My advisor has recently begun to work with the ATLAS project. My first year of courses are almost over, and so I’m beginning the “Getting Started” process with ATLAS, as well. I am extremely impressed that ATLAS has its own wiki, which gives instructions to collaborators on how to get their account set up, how to start working with the analysis program, etc. If I’d had something like this when I was trying to finish up my research with Fermilab, I’d have been golden.
Being able to follow a procedure to get everything set up is great, don’t get me wrong. But I’m running into a problem. I followed the procedure for modifying their HelloWorld program. And it didn’t work. That particular page didn’t come with troubleshooting instructions. With the help of my advisor, we got it working (as is so often the case with computers, we can’t see anything that I did wrong the first time). But, see, what if I were the advisor? Or what if my advisor weren’t so willingly helpful? What if I didn’t have Linux-knowledgeable lab-mates?*
The ATLAS wiki has appendices with basic Linux commands. That’s nice. They’re really basic commands. They don’t explain how they integrate with what you’re trying to do in the instructions. More importantly, I think, they don’t tell you how not to use the commands. Let me try an example to see if I can’t be more concise.
Go to your testarea and check out the AthExHelloWorld package:
> cd testarea/15.3.0
> cmt co -r AthExHelloWorld-01-02-00 Control/AthenaExamples/AthExHelloWorld
Navigate to the src directory
> cd Control/AthenaExamples/AthExHelloWorld/src
and edit the C++ file HelloAlg.cxx for instance by adding this to the initialize() method:
ATH_MSG_INFO ("Hello ATLAS User");
and save the file.
Now build this package:
> cd ../cmt
> cmt config
Go back to the UserAnalysis package and rerun Athena:
> cd ../../../../PhysicsAnalysis/AnalysisCommon/UserAnalysis/run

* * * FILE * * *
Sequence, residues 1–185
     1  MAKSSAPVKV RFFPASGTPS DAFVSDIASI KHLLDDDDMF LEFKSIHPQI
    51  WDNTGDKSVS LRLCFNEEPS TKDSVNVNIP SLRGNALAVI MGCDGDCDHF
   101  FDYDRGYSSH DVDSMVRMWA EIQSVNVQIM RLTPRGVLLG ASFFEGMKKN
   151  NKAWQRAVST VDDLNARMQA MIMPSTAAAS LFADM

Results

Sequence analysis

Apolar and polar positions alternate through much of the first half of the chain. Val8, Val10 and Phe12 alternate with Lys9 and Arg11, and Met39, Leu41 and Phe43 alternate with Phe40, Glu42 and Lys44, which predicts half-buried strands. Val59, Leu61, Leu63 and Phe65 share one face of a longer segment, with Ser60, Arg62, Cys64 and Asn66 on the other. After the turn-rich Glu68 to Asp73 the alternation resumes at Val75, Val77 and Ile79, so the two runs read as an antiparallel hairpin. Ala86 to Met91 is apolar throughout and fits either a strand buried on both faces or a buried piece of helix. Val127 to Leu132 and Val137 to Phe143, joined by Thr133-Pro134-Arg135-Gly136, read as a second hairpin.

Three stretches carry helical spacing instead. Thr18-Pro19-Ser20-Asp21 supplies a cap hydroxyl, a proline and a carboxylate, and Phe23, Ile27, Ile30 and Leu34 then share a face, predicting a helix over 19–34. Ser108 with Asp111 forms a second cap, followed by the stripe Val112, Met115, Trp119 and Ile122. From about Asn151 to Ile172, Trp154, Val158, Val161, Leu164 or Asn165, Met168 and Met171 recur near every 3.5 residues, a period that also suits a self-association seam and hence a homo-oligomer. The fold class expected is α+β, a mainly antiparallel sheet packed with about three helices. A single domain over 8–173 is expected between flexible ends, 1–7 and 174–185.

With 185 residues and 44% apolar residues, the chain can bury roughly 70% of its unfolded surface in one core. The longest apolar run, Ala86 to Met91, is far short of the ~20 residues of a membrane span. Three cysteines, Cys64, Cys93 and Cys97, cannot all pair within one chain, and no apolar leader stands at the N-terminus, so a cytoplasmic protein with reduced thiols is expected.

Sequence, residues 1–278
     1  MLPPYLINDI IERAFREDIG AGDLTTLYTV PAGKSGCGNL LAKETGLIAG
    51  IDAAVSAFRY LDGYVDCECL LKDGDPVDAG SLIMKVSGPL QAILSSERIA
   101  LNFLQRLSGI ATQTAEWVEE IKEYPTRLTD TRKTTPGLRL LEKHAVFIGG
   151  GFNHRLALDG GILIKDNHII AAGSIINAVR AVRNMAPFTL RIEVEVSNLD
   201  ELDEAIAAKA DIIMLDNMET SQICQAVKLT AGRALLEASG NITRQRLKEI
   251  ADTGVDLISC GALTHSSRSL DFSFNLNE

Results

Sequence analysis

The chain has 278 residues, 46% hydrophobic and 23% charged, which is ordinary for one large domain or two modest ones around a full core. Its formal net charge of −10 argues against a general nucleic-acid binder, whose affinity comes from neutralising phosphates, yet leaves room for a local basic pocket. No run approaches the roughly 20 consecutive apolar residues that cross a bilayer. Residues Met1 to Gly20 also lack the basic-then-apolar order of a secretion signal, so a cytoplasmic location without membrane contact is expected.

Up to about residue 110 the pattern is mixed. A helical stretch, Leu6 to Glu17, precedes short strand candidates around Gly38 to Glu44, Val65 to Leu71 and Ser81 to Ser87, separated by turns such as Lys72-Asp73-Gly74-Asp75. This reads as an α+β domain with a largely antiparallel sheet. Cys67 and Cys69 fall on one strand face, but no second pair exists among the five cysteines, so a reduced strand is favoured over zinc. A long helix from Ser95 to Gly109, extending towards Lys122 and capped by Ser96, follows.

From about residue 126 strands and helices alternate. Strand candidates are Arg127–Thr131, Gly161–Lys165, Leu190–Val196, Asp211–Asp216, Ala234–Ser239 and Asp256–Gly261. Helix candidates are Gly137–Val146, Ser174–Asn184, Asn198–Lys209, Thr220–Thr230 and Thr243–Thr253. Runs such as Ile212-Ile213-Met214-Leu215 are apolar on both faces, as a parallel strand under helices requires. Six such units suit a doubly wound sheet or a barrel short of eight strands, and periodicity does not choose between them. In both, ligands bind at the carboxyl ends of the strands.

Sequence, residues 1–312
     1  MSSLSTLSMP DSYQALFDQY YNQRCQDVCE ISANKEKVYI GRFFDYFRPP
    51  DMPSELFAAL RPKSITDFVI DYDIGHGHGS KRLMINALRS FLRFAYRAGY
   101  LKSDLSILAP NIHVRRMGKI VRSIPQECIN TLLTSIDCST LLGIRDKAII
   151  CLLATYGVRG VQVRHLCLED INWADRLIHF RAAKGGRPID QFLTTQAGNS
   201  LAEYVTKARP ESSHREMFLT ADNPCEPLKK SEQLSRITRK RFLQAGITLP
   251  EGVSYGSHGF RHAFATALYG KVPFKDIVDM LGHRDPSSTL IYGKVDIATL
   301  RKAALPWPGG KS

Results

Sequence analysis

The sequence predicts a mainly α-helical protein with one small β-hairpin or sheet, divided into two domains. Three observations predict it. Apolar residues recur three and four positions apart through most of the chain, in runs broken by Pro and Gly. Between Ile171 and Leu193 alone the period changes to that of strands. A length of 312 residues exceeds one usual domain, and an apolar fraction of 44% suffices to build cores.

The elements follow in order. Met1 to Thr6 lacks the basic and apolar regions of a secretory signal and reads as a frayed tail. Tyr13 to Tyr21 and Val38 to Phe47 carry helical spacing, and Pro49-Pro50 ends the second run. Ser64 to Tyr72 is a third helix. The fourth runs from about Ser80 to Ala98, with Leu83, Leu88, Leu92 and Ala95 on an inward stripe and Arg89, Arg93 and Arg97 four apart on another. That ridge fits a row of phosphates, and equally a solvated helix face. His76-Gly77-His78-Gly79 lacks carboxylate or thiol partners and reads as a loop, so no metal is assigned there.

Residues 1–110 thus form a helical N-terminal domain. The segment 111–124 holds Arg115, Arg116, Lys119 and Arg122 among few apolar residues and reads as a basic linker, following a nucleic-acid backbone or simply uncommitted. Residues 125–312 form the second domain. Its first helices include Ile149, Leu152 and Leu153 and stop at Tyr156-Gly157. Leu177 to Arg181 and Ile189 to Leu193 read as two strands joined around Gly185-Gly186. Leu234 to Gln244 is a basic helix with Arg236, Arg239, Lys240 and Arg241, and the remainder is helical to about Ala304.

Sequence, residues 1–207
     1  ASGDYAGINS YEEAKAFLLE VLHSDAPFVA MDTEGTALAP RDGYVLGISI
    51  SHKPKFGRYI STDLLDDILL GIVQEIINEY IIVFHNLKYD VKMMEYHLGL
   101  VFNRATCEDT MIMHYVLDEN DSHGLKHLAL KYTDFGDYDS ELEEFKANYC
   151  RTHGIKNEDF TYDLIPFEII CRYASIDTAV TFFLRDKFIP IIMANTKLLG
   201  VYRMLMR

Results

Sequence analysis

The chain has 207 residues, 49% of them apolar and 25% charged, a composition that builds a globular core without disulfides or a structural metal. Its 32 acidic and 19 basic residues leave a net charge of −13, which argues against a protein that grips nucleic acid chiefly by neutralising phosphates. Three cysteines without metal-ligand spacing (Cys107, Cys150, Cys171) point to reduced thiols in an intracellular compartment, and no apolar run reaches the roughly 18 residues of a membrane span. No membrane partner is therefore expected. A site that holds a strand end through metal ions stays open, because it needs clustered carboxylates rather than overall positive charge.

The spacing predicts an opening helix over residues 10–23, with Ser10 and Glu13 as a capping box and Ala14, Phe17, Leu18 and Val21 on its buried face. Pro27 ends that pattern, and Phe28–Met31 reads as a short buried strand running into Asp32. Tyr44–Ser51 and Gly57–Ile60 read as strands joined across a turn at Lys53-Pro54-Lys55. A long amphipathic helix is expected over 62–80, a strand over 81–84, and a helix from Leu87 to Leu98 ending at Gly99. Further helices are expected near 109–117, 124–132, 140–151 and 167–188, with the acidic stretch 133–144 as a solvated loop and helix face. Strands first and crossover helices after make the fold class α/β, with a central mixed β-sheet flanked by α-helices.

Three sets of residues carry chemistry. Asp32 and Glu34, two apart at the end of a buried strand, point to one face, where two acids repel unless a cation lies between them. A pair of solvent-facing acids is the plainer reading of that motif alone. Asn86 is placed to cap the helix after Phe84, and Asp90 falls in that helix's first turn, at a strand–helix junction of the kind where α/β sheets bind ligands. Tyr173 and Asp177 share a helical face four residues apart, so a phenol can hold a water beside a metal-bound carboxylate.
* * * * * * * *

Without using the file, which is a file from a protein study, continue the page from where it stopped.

> athena.py HelloWorldOptions.py
You should now see this somewhere in the output:
HelloWorld INFO Hello ATLAS User
Okay, so if I do everything exactly as printed in that procedure, where is the likely culprit when my output doesn’t contain the indicated line? What did gmake…make? Where I can find a visual diagram of the folder (directory, whatever) hierarchy?
So, I was thinking it would be really handy if the wiki incorporated some sort of mouseover functionality. If I mouseover the word gmake in this procedure, it could tell me what file is being executed. Even better, there could be a note about what happens if I accidentally use the gmake command in the wrong directory. (Does anything bad happen? How badly can I manage to break this setup just through my own lack of familiarity with the system?)
I don’t deny that becoming familiar with the operating system and jargon of this research community is vital, and is often best done through a hands-on approach. But I think including resources directly where they’re relevant, instead of just generically tacked on at the end of a website, is going to make that process a lot more efficient. And, frankly, there are enough people working on this project who are intimately familiar with the intricacies of Linux and Athena for whom it would be relatively simple, if time-consuming, to add these little helper notes.
Maybe I’m being lazy. But you know what? I’m an experimental physicist. I want to get my hands dirty and do research. I think it’s reasonable of me to ask that I not need a computer science degree (or equivalent tinkering time) in order to do that research.
*While experiences will vary, my experience with getting help from non-faculty people** who “get” Linux has thus far been overwhelmingly negative. It has been my experience that the go-to Linux person in a group has spent so long using the system that the syntax, steps, and functions are intuitive for them, and they haven’t yet developed the ability to properly explain to a newbie what needs to be done. More often than not they will simply steal the mouse or keyboard from you, because it is – correctly – faster for them to just fix it themselves. I understand the feeling. I’ve tried to help my grandparents troubleshoot minor problems in Windows. I have used some form of Windows OS for literally as long as I can remember. So I get it, and explaining it is hard. But I also try to keep in mind that if they don’t do it themselves, they’re not going to remember what they did, and so they’re not going to be able to modify what they did to adapt to new problems in the future. Thank you, Linux fankids for being a valuable resource. But screw you for being impatient.
**I say non-faculty people because faculty, in general, have spent a lot more time teaching or explaining to subordinates and in my experience have much more highly-developed methods for passing on the needed information without coddling.